A fresh look at hotel heating and cooling
Chilled beams are becoming more flexible for the hotel sector. Mike Beeton and Mika Ruponen explain how the technology is being applied.
As well as requiring excellent performance from building services, hotel designers also expect them to look good. Mike Beeton, business development manager for Halton says that architects have not always been keen on using chilled beams in hotels: “Chilled beams, especially exposed models, have been viewed by the architect as too industrial for this market, but as a manufacturer we have responded to this challenge by liaising with designers and can now offer them a much more suitable look.”
Fan-coil units are still a popular choice for air conditioning in hotels. However, they, too, create design issues. Dr Mika Ruponen, Halton’s specialist in indoor environment technology, says: “In guest rooms there are usually low ceilings. The fan coil is often situated in a bulkhead just inside the door. From an architect’s point of view, this creates a dark and sometimes claustrophobic entrance to the room, which is not very attractive.”
Architects and interior designers are now turning to chilled beams because they offer an alternative way to achieve good indoor comfort for guests as well as a whole new look.
“We have designed a beam that will fit over the bed, close to the ceiling and with no requirement for the bulkhead. This not only creates the full-height ceiling effect that designers prefer, it is also the best position for delivering air into the room,” says Beeton. The beam can be fully exposed or hidden in the wall or ceiling.
But the developments are not simply cosmetic. Dr Ruponen has studied the requirements and preferences of hotel guests for heating and cooling. “Chilled beams are a very quiet technology, which has obvious advantages for the hotel market,” he explains. “But guests also like a technology that has an immediate response. When they push the button for cooling, they want to know the system is responding.”
As a result of this research, Halton has introduced a ‘boost’ function for its chilled beams, which delivers an additional flow of warmed or cooled air into the room in response to guest requirements. “In this way we are giving an immediate reaction, and also the guests can hear the air arriving in the room so that they know the system is working.”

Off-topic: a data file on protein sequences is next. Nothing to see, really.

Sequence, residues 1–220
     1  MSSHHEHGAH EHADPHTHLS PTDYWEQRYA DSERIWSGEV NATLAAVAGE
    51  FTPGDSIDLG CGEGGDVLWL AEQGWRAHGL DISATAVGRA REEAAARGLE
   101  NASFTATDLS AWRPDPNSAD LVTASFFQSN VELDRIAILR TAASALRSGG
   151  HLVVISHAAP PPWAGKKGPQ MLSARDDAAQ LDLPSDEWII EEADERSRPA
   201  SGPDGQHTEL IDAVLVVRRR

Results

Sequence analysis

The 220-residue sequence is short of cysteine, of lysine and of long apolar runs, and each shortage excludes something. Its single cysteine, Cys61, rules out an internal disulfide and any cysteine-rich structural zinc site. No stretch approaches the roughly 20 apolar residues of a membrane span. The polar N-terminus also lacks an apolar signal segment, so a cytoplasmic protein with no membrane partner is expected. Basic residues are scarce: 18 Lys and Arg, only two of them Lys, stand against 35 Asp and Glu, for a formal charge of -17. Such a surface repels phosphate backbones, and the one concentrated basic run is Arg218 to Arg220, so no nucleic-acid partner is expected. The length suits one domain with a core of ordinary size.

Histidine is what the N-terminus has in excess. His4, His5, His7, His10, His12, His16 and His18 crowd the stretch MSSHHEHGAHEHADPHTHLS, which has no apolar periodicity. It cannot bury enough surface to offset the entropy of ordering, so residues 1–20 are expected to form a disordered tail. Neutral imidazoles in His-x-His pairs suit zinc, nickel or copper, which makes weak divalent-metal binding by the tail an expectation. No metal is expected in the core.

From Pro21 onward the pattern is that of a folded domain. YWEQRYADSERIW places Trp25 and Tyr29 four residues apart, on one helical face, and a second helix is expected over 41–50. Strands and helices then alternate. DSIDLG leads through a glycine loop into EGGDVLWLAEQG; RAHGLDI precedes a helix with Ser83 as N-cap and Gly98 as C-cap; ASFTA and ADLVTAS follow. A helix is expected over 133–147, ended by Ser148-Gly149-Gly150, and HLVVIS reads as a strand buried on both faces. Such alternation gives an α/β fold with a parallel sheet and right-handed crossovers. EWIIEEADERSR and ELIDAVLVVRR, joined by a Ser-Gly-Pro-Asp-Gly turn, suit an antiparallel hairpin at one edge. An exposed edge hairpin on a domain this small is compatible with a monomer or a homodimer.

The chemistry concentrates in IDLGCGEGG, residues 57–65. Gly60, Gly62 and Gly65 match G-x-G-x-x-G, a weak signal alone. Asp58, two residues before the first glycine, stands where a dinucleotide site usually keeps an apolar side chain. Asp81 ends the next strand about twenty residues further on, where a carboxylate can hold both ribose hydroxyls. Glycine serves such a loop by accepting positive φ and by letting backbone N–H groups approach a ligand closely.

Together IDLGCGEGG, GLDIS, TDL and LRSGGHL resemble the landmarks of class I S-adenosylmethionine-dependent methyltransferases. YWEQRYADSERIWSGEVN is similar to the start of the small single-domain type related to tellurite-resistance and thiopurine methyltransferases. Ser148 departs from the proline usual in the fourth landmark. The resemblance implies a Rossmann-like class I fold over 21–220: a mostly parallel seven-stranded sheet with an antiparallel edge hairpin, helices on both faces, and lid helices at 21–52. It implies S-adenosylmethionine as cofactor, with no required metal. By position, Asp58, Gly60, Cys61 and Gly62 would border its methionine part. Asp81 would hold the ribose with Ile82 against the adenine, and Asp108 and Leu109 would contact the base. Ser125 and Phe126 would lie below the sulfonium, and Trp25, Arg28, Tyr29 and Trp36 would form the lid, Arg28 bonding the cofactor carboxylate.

Guest psychology aside, beams are also increasing in popularity because the pressure is on hotels to reduce their energy use. Chilled beams offer an energy efficient approach to cooling and heating, and one, which also has the advantage of being low maintenance. This is very important in the hotel sector, where maintenance can mean that a room cannot be let.
Retrofitting chilled beams into hotels has been a challenge in the past. However, Halton’s R&D facility has now developed a solution for this: a chilled beam, which can replace a fan-coil unit and fit into the existing bulkhead.
“Of course, you don’t solve the issue of the bulkhead, but there is no way of removing this without remodeling every room,” says Beeton. “But replacing the fan coil means that you are moving to a system with lower maintenance and better air quality.”
Halton has also been working on offering flexible solutions to solve other issues in the hotel sector. Kitchen ventilation has been a Halton specialisation for many years, and now they have responded to the need for greater energy efficiency in all areas of the operation.
“Our latest kitchen ventilation systems can now modulate extract rates depending on the amount and type of contaminants,” explains Ruponen. “This brings a flexibility of performance that hasn’t been available before and offers major energy savings because the extractor is not working a full capacity all the time.”
Hotel reception areas can also benefit from displacement ventilation. “Good design helps here,” says Beeton. “We can blend in the displacement units to suit the overall design, even fitting them under the reception desk or bar.”
Beeton says that the use of chilled beams in hotels is now much more achievable. “End users can reap the benefits of improved air quality and guest comfort, along with lower running costs and a reduced carbon footprint.”